Cymbeline

Movie review by
Jeffrey M. Anderson, Common Sense Media
Cymbeline Movie Poster Image
Modern-day Shakespeare adaptation is quite violent.
  • R
  • 2015
  • 98 minutes

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A lot or a little?

The parents' guide to what's in this movie.

Positive Messages

Untrustworthiness is a running theme; most of the characters get into trouble by trusting those they shouldn't. But on a certain level, the movie promotes asking questions, rather than blindly accepting the status quo.

Positive Role Models & Representations

This Shakespeare adaptation is full of brooders, self-absorbed tyrants, and liars. But some do eventually stop to ask what's really going on.

Violence

Guns and shooting; character is beheaded (blood shown); other dead characters -- and some buried alive; golf club bashing to the head (off screen); cop-shooting; blood spurt sounds; skateboarder smashes into a cop car; character throws another one to the floor.

Sex

A male character moves his hand under his pants to his crotch (impending masturbation implied). Also kissing, some sex-related dialogue, and a male character naked (nothing sensitive shown).

Language

"Hell."

Consumerism

Frequent use of iPhones, iPads, and Apple computers.

Drinking, Drugs & Smoking

What parents need to know

Parents need to know that Cymbeline is a modern-day Shakespeare adaptation. Violence is the main issue; there are lots of guns and shootings, plus bloody wounds, a beheading, a character buried alive, dead bodies, beating/fighting, and more. On the sex side of things, there's kissing and sex-related dialogue, and a male character moves his hand under his clothes as if he's preparing to masturbate. Language isn't an issue aside from one use of "hell." This is one of Shakespeare's lesser-known plays, so it probably won't appeal to teens as much as Romeo & Juliet or Hamlet might, but it's worth a look.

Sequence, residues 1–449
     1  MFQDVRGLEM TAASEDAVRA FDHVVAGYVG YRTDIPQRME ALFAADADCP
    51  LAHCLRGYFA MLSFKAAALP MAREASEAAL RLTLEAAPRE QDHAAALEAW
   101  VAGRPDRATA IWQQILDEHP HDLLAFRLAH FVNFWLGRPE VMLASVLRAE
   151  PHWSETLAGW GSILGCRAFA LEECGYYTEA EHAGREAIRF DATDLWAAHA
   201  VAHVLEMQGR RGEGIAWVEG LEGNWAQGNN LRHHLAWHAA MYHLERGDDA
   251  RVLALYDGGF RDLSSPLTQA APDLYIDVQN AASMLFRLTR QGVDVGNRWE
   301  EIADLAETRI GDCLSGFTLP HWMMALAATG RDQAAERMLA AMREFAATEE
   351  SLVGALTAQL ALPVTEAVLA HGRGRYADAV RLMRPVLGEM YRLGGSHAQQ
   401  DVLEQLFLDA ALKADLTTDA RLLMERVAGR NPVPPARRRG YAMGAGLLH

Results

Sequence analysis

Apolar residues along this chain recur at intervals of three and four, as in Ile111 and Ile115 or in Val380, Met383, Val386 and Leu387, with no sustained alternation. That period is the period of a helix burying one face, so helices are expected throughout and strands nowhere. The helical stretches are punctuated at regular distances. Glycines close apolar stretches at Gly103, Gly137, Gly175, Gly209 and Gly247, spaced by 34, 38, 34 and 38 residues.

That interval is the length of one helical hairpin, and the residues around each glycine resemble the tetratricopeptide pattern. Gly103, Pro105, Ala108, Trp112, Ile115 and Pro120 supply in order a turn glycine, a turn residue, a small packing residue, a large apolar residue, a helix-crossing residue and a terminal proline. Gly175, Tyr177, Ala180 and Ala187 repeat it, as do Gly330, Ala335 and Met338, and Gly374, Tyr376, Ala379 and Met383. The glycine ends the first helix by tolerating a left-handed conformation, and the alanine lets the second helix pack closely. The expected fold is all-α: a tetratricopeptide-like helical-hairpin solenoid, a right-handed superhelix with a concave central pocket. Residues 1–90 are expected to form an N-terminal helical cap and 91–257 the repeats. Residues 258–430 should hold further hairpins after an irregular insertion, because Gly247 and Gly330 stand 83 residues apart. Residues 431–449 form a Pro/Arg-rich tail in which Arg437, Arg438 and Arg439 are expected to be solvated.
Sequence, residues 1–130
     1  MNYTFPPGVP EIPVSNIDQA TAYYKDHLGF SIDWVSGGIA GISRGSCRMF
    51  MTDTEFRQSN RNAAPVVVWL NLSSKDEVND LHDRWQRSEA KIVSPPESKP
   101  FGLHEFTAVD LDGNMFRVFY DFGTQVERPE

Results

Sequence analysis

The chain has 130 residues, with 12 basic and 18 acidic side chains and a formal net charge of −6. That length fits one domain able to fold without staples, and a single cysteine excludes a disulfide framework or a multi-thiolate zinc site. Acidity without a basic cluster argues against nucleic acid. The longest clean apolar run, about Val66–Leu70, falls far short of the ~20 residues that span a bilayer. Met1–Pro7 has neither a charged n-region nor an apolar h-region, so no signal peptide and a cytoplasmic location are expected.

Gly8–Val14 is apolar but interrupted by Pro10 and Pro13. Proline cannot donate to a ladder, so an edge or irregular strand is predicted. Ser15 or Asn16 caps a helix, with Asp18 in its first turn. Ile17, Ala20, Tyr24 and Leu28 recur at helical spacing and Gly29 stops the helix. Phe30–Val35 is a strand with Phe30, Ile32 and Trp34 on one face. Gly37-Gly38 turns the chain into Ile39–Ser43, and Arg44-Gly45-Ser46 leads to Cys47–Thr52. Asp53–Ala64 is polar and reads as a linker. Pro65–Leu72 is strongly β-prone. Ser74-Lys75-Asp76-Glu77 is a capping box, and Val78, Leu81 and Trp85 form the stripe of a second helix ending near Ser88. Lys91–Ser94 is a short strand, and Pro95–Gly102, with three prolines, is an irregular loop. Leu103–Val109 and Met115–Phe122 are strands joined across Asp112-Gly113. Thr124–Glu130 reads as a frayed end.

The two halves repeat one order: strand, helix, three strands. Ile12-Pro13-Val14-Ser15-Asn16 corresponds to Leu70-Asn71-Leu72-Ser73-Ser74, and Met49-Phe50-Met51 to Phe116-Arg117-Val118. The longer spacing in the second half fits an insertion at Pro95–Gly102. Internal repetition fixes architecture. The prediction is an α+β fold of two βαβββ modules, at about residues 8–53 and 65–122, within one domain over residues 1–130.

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What's the story?

In Shakespeare's play CYMBELINE, updated to modern times, Cymbeline (Ed Harris) is the king of a motorcycle club. His daughter, Imogen (Dakota Johnson), angers her father by marrying lower-class skateboarder Posthumus (Penn Badgley). Sent into exile, Posthumus meets the sneaky Iachimo (Ethan Hawke), who bets Posthumus that he can sleep with Imogen -- and fakes evidence to "prove" that he did. Posthumus angrily dispatches a messenger, Pisanio (John Leguizamo), to kill Imogen, but Pisanio spares her life, and she ventures out, dressed as a boy, to find her husband. Lost and hungry, she finds Belarius (Delroy Lindo), who has a shady connection to the king. Meanwhile, the king's new wife (Milla Jovovich) has her own sinister plans.

Is it any good?

Shakespeare fans will find that Cymbeline -- which plays a little like Romeo & Juliet but with a more hopeful ending -- is very much worth a look. Sometimes remembered for his experimental filmmaking with the Fisher-Price Pixelvision camera, director Michael Almereyda previously worked with Hawke on a modern-day adaptation of Shakespeare's Hamlet (2000), which became his most famous film. Now the two have reteamed for another Shakespeare adaptation -- this time the lesser-known, late-period Cymbeline.

As with the pair's Hamlet, Cymbeline makes the most of its contemporary locations and props, with skateboards, iPhones, and iPads figuring intriguingly into the plot and gas stations and graffiti-covered walls serving as backdrops. Dakota Johnson (Fifty Shades of Grey) is remarkably good in her role, as is Hawke in the nastily playful, Iago-like role of Iachimo. Some of the other actors seem a bit awkward, and the final act wrap-up feels disjointed and rushed -- with an uninspired parking lot setting -- but on the whole, it works.

Talk to your kids about ...

  • Families can talk about Cymbeline's violence. How did it affect you? Does it enhance or detract from the story?

  • What makes Shakespeare so appealing to some people and so difficult for others? Why do you think his plays have stood the test of time?

  • Does Shakespeare translate well to movies? Is he better on stage? In print? Why or why not? How does the setting impact your appreciation? Do you prefer Elizabethan-set versions or modern-day adaptations like this one?

  • How does Cymbeline compare to Romeo & Juliet? Which elements are similar? Which are different?

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